‘Cho’ Ramasamy who is exploiting the political congenial situation in Tamil Nadu to perpetuate and promote the Hindu fanaticism here, proclaimed that there are only two manly Chief Ministers in India at present : they are Narendra Modi and Jayalalitha.
Even before the ink of the print of this report in the media got dried up, there has come the strongest stricture from the court of law and justice. The Irony is, such strong condemnation of the Hindu fanaticism goes totally unnoticed by the majority of the Tamil Nadu population, who should be the more appropriate people to register. Here are the excerpts from ‘The Hindu’ dated 20-01-2012.
While dismissing the Gujarat government's petition challenging the Governor's authority to appoint Justice R. A. Mehta the Lokayukta, the Gujarat High Court passed strong strictures on Chief Minister Narendra Modi, terming his efforts to stonewall the appointment of the anti-corruption ombudsman “spiteful” and demonstrative of his “false sense of invincibility.”
Justice V.M. Sahai said on Wednesday: “The clear refusal of the Chief Minister to accept the primacy of opinion of the Chief Justice [of the High Court] had the velocity which had shattered the faith in rule of law which is the essence of democracy and integrity institution of Lokayukta.”
The judge said that looking at the “brazen conduct and irrationality of the Council of Ministers headed by the Chief Minister,” he was of the “considered opinion” that the Governor (Kamla Beniwal) “rightly exercised her discretionary powers under Article 163 of the Constitution and appointed Justice (retired) Mehta as Lokayukta.”
Justice Sahai said a “constitutional mini-crisis was sparked off by the Chief Minister” acting arbitrarily. The Governor's action, appointing Justice Mehta the Lokayukta “with or without the advice of the Council of Ministers, was for “preserving our democracy from being beleaguered and to prevent tyranny.”
He said acceptance of the Chief Minister's August 18, 2011 letter to the Chief Justice and the Governor, in which Mr. Modi made it clear that Justice Mehta's name was not acceptable to the government and wanted the Chief Justice to suggest another name, “would have resulted in a complete breakdown of the rule of law and erosion of principles of democracy.”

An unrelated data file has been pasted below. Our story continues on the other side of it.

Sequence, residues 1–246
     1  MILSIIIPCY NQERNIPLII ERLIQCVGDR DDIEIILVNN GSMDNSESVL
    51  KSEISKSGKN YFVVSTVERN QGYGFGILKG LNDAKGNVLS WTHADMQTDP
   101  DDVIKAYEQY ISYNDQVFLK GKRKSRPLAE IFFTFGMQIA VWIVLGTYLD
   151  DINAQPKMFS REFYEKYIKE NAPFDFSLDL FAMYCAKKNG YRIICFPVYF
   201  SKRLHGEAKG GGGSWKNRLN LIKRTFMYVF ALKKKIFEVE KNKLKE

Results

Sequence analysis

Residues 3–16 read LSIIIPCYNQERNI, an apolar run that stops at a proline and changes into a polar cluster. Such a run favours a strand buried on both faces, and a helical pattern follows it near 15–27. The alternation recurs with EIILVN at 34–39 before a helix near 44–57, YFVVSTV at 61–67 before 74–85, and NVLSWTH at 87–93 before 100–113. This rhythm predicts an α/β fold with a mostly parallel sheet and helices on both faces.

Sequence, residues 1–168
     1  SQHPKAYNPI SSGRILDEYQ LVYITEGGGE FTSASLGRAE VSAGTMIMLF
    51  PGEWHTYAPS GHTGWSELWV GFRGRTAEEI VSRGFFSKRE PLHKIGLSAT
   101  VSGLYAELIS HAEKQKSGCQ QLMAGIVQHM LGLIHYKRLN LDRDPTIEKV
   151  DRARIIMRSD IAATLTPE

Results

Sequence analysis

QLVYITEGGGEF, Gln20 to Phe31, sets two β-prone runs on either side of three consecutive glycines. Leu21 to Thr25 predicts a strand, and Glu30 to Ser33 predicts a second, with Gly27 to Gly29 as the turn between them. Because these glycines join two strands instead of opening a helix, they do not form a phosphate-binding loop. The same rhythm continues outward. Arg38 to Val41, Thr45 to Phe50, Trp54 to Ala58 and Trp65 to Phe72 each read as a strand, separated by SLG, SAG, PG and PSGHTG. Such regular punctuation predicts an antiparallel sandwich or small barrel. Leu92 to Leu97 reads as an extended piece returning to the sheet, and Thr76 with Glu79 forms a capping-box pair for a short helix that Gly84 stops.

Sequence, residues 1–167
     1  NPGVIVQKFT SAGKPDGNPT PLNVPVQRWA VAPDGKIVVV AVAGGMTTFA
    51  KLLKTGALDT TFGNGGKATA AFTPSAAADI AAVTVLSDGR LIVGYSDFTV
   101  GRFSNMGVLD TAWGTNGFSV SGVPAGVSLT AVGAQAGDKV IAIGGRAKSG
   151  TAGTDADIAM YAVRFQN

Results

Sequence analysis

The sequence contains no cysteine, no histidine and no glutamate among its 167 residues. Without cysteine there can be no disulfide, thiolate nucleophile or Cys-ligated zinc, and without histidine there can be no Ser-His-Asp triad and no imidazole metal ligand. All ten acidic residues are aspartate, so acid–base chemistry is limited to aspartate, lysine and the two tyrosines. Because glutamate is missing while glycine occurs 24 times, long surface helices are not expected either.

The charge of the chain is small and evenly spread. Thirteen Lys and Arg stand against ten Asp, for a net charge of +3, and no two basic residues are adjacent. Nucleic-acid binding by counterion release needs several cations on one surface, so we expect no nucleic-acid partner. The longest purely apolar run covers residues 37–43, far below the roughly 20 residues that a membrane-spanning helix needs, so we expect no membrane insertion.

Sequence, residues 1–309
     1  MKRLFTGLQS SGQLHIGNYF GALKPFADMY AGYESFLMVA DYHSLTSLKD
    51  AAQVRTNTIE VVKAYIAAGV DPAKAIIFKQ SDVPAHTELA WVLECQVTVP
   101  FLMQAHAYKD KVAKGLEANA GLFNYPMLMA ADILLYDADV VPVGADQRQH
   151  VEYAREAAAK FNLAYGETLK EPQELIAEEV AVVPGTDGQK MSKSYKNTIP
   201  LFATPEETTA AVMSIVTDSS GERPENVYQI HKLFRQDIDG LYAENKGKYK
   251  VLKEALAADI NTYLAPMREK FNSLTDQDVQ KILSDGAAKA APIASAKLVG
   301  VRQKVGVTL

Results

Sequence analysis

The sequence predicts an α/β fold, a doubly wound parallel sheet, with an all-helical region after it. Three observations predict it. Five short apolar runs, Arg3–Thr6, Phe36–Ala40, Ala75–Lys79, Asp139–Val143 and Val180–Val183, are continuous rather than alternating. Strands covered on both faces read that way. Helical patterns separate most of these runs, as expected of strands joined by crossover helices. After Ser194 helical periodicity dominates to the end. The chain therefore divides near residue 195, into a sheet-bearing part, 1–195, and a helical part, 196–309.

“The pranks of the Chief Minister demonstrate deconstruction of our democracy and the questionable conduct of stonewalling the appointment of Justice Mehta as Lokayukta threatened the rule of law.” The Chief Minister's refusal to perform his statutory or constitutional obligations, and his efforts at stonewalling the appointment of the Lokayukta by trying to amend the Act through an ordinance, were “depraved and truculent actions. The aforesaid exceptional facts establish that deconstruction of democracy was at work. It was necessary to remove the aporia created by the action of the Chief Minister and a responsible constitutional decision was required to be taken by the Governor so that democracy may thrive.”
Justice Sahai's order said: “For preserving our democracy from being beleaguered and to prevent tyranny, it became absolutely essential for the Governor to exercise her discretion-ary power under Article 163 and to appoint Justice Mehta as Lokayukta, without or contrary to the aid and advice of the Council of Ministers headed by the Chief Minister as their action and conduct were perilous to our democracy and rule of law.”
Justice Sahai was of the opinion that the Council of Ministers headed by the Chief Minister had shown a “hostile attitude towards the primacy of the opinion of the Chief Justice. The Chief Minister acted under a false impression that he could turn down the superiority and primacy of the opinion of the Chief Justice which was binding. The spiteful and challenging action demonstrates the false sense of invincibility,” he said.